Whether you've just opened your first small business or you're a marketing professional overseeing multiple locations, it pays to know how to market your brand. In a digital age with more and more channels for selling your products or services, you may not know where to start. Or, you may have already started but aren't sure of which steps to take.
No two business' marketing strategies are exactly alike. However, Sunset Hill Stoneware has some basic steps and guidelines to keep in mind if you want to bring more customers through your doors and keep them coming back.
Establish Your Brand Voice
There's a reason it's called branding—done right, your logo is a cattle prod on your customer's brain. It distinguishes your brand from your competition and helps your customers find you and recognize your products or services.
If you haven't already, take some time to find your brand voice. This is the unique way your brand expresses itself through your marketing materials, including words, images and videos. The customers you target and the products or services you offer shape your brand voice, though you shouldn't try to borrow the brand voice of any other businesses in order to find it.
Your brand voice could also change over time as your business grows. For example, Sunset Hill Stoneware used to have a narrow brand voice that was designed to speak to exactly one type of person: People who drink coffee on their cabin porch in the Adirondack Mountains. Since most people don't have cabins or live in the Adirondacks, but practically everyone needs something that holds liquid at some point in their lives, we've expanded our horizons. Today, our brand is more fun-loving, modern and designed to speak to a much wider audience with our unique coffee mugs.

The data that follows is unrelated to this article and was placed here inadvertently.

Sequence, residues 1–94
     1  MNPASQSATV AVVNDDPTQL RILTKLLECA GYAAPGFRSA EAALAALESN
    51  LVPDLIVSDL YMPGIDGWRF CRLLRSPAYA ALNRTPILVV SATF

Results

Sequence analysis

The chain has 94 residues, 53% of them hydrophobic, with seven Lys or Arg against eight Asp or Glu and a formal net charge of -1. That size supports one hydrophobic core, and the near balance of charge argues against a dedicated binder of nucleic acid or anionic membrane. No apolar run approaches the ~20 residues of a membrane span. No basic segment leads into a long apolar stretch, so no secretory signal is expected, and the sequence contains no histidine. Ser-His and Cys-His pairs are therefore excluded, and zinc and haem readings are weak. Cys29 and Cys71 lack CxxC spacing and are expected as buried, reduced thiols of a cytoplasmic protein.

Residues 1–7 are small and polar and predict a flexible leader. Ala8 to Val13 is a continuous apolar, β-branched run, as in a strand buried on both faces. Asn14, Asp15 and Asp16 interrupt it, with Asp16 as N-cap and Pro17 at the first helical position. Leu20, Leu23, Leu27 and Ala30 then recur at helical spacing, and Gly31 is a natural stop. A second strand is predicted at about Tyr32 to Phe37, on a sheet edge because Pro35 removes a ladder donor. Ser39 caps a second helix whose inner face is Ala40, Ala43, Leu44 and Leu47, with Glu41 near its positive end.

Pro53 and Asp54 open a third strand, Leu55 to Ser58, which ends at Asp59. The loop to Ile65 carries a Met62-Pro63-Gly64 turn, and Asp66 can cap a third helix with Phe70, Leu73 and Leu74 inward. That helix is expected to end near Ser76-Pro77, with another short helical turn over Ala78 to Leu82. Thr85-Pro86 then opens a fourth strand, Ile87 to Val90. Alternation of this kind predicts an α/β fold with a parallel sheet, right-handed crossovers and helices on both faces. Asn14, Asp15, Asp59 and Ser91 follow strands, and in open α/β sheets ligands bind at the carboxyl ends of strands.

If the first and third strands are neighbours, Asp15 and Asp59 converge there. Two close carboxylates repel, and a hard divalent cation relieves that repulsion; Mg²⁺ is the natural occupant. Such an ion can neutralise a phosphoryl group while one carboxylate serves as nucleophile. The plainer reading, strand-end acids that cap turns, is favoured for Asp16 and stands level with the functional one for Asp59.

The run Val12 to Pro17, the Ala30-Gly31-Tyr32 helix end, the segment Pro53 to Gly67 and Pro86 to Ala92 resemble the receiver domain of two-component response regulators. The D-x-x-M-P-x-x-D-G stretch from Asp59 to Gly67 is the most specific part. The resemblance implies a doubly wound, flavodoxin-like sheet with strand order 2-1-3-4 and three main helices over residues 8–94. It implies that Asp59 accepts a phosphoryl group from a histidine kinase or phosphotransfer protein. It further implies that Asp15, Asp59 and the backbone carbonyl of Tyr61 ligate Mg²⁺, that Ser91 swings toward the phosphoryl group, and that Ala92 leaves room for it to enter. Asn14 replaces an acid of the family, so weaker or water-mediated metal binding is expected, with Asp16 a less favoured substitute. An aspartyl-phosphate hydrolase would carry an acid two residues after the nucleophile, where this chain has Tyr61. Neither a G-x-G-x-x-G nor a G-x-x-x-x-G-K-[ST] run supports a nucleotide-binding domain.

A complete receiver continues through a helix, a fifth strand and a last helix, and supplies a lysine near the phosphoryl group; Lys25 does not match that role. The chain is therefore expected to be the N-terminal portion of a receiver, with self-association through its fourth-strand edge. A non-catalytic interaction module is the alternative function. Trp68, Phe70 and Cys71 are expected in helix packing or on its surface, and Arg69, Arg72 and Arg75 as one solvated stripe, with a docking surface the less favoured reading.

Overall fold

Finding your brand voice takes soul-searching. Here are just a few questions to ask yourself:
- What descriptive adjectives best suit your brand?
- If your brand were a person, describe who they would be.
- Is your brand fun-loving or serious? Formal or casual?
- Who are your biggest customers?
The more questions you ask yourself about your brand and who your customers are, the easier it will be for you to develop a well-rounded brand voice. This won't be a walk in the park though. Like all other aspects of marketing, developing your brand voice requires time and effort. You can't just establish it and then forget it. Periodically, take some time out of your schedule to see what about your brand voice is working and where you may need to adjust.
Social Media Marketing
In the digital age, it would be foolish not to consider social media marketing as an essential platform for your business. Posting your visual content, announcements for sales and other marketing materials on social media sites like Facebook, Twitter and Instagram lets you interact with your customers directly and develop your business' reputation with the public.